A short appreciation by Professor Judith Herrin

Anthony Bryer OBE, the wonderful, inspiring teacher and promoter of Byzantine, Greek and Turkish culture, died at his home in Birmingham on 22 October, 2016. He established the field of Byzantine Studies in the UK and embodied its international significance through his work on the region of Trebizond/Trabzon in eastern Turkey.

After writing his doctorate on the Empire of Trebizond from 1200 to modern times at Balliol College, Oxford, he moved to the University of Birmingham in the 1960s. There he created a Centre devoted to Byzantine Studies, aided by local Hellenists such as George Thomson. His project was also helped nationally by David Talbot Rice, by Philip Whitting, who donated his collection of coins and seals, and by Sir Steven Runciman who with Averil Cameron set up the Committee for the Promotion of Byzantine Studies under the British Academy.  Bryer instigated the UK’s annual Byzantine Spring Symposium in 1971, and established Byzantine and Modern Greek Studies, now a leading journal in the field.

The Centre immediately attracted students and became an international beacon for all aspects of Byzantine culture. I was one of the first to join it and wrote my doctorate there, as did John Haldon, Margaret Mullett and many others. Bryer’s energetic enthusiasm and formidable organisation inspired a global devotion, especially in Turkey, Georgia and Russia. Accompanied by generations of students he led archaeological expeditions exploring the monasteries and transhumant culture of the Trapezuntine region, whose results he published with David Winfield.  His linguistic studies, along with Peter Mackridge, helped identify the significance of the Pontic dialect of modern Greek.

I last saw Bryer – he was always known by his surname – in the summer when he was suffering from his last illness. I hope longer obituaries and appreciations of a teacher whose work continues to inspire will be appearing over the next few weeks.

JH

News

BGS Second Annual Charity Festival hosted by Tamada on 25 June

Cancellation of 12 June event at Pembroke College

On behalf of the British Georgian Society, the board would like to update you about this year's BGS Cambridge Seminar at Pembroke College. The event at Pembroke on Monday 12 June is now cancelled. The keynote speaker, Georgian Defence Minister Levon Izoria, had to call off his visit to the UK in mid June. We apologise for any inconvenience - and hope you will understand the organisers' decision in the circumstances to put the event off for a future occasion.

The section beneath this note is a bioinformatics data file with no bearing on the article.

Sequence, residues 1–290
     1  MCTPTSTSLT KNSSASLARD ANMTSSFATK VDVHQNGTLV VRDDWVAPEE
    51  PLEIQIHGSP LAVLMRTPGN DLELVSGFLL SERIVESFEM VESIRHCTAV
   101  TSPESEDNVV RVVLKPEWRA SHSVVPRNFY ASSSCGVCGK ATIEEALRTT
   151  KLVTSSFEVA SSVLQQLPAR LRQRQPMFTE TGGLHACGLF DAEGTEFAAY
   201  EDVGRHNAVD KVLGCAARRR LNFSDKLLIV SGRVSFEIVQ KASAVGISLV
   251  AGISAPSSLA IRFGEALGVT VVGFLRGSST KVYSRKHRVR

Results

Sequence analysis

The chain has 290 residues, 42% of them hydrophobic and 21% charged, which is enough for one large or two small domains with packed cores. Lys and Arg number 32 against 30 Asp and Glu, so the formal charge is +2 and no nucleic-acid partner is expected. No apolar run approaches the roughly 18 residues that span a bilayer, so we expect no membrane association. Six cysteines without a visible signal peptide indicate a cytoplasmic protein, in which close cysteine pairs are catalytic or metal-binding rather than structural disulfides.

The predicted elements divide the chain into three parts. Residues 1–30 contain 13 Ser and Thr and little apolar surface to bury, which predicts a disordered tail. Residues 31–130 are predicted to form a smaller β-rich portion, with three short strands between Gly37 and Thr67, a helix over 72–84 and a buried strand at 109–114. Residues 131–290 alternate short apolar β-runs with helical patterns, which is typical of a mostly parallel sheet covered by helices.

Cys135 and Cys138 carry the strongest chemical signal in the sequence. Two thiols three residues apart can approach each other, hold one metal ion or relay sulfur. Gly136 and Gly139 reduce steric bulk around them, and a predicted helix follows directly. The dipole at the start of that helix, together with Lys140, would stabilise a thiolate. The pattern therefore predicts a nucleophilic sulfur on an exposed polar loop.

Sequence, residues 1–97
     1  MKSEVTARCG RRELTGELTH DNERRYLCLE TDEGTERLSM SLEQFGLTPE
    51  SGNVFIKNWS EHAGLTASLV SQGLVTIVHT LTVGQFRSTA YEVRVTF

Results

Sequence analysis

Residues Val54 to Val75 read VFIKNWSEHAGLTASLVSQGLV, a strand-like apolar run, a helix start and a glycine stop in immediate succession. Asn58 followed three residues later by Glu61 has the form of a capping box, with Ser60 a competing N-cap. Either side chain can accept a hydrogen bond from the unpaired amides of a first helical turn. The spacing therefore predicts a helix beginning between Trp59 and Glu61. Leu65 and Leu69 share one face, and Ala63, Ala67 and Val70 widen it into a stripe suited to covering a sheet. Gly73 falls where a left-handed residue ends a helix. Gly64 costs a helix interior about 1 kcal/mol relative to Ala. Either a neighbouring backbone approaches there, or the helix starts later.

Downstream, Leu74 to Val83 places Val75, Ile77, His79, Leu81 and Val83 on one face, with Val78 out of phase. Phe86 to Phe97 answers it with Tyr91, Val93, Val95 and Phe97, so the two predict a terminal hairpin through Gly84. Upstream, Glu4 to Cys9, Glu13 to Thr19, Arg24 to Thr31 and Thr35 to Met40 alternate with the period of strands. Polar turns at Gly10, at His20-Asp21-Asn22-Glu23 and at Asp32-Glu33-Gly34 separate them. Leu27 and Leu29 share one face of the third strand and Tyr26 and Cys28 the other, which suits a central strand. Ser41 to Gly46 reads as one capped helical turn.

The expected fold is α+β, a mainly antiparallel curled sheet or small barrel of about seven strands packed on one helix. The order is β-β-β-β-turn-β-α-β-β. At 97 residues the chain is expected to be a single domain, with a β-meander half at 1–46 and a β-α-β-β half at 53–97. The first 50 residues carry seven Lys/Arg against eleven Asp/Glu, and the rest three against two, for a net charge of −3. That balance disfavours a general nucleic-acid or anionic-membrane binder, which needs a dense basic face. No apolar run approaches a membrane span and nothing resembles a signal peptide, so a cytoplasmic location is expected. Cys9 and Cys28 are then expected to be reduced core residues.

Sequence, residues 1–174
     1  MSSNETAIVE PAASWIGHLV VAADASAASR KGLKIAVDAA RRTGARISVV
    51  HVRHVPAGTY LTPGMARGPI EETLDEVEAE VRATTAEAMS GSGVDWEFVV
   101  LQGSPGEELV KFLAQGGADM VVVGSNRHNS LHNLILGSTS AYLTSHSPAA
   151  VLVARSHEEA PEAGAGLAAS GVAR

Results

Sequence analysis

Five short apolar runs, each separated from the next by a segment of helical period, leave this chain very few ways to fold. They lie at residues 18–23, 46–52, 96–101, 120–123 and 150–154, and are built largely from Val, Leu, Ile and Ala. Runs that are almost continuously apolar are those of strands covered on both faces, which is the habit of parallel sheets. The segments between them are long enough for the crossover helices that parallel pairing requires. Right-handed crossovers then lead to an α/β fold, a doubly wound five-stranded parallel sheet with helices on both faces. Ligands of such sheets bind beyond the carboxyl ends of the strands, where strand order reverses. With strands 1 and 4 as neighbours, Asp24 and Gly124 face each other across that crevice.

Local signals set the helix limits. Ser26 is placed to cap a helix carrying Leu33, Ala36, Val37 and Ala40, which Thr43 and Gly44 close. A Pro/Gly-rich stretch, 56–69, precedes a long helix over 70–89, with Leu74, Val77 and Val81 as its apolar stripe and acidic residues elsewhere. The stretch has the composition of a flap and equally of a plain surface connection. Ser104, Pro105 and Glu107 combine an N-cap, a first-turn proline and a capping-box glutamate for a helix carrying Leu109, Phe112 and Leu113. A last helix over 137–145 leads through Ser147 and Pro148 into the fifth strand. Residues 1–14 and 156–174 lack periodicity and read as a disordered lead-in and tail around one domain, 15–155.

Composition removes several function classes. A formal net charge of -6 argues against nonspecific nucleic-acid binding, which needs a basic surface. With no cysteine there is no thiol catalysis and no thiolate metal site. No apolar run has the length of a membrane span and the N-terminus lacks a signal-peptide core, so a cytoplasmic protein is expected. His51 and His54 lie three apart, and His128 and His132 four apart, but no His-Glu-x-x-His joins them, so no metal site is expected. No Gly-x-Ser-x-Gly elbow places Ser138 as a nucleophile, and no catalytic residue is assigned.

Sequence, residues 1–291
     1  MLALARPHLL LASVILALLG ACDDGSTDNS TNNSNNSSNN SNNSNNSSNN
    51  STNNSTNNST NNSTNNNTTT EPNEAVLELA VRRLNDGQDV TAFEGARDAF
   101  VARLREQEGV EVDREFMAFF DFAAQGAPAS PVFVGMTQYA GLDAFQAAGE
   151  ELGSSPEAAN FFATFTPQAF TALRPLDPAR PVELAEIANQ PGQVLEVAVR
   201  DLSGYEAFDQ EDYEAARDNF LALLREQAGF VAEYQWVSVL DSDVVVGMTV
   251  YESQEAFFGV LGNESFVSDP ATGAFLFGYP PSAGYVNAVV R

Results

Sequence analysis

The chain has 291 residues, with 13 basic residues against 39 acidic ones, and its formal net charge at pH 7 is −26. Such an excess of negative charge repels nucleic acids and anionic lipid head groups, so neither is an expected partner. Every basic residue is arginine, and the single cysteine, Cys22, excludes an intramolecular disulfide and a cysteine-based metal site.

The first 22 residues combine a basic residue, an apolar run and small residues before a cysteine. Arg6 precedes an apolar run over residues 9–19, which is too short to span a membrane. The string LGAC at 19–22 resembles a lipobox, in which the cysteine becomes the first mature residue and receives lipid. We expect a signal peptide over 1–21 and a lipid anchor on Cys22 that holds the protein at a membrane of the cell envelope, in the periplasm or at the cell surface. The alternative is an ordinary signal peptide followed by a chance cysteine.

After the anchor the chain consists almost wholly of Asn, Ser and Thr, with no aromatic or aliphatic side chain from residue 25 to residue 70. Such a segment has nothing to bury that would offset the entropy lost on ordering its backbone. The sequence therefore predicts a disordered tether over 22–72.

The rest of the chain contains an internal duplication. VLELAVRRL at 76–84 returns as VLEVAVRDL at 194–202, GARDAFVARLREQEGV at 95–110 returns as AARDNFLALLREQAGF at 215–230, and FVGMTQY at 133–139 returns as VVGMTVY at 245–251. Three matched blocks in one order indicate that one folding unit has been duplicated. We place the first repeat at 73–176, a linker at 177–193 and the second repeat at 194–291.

A Poet Is Born: Nikolaz Baratashvili 27th April 2017 Asia House

As the first month of spring slowly comes to an end, on Thursday 27th April, 18.45 at Asia House Donald Rayfield remembers Georgian poet Nikoloz Baratashvili  (1817-1845). On the occasion of his 200th birth anniversary, Donald Rayfield Emeritus Professor of Russian and Georgian at Queen Mary University of London will give a talk, A Poet Is Born: Nikolaz Baratashvili. For further information and tickets go to the Asia House website.

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Direct Flights From London To Georgia

There have been recent announcements that various airlines will operate direct flights from London to Georgia. The Hungarian owned low cost Wizz Air will commence bi-weekly flights from Luton to Kutaisi from 18th June 2017. This will be followed by Georgian Airlines (Airzena) flying directly from Gatwick to Tbilisi, also twice a week. Start dates to be confirmed. There is also an article on the online outlet commersant.ge that Ryanair will also commence flights from London to Tbilisi. 

Anthony Bryer OBE

An obituary by Bruce Clark

PROFESSOR ANTHONY BRYER, who has died aged 78, was an exuberant, charismatic historian and lecturer who did more than anybody in his generation to stimulate the study of Byzantium in Britain and beyond.

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Anthony Bryer OBE

A short appreciation by Professor Judith Herrin

Anthony Bryer OBE, the wonderful, inspiring teacher and promoter of Byzantine, Greek and Turkish culture, died at his home in Birmingham on 22 October, 2016. He established the field of Byzantine Studies in the UK and embodied its international significance through his work on the region of Trebizond/Trabzon in eastern Turkey.

Read more ...

Religion, Conversion and Identity among Armenians and Georgians in Safavid Iran 29 September 2016

Professor Edmund Herzig of Oxford University will give this lecture on 29 September 2016, 7.30pm. Armenian House, 25 Cheniston Gardens, London W8 6TG Tube: High Street Kensington. Admission £5 (£3 students) payable on the door, to include wine and nibbles. For full information see here

Georgian Singing Events and Dance Performed to Rustavi Choir Songs in May and June

For those of you within reach of London here are details of two concerts with Georgian singing coming up soon:

Tbilisi Opera House to Reopen

The Tbilisi Opera House is to reopen after extensive refurbishment. Through 165 years of history it has survived Tsars, Soviets and civil war. Here is a link to a recent Guardian article

Stand Up For Georgia

BGS director Denis Corboy contributed to a report published today (6th January 2016) for US News and World Report, on the current state of Georgian democracy and prospects for the economy. This generally positive reassessment is a welcome and upbeat note to start the New Year, hoping that this optimism is justified and can be maintained throughout 2016. Here is a link to the article or you can downloaded it as a pdf here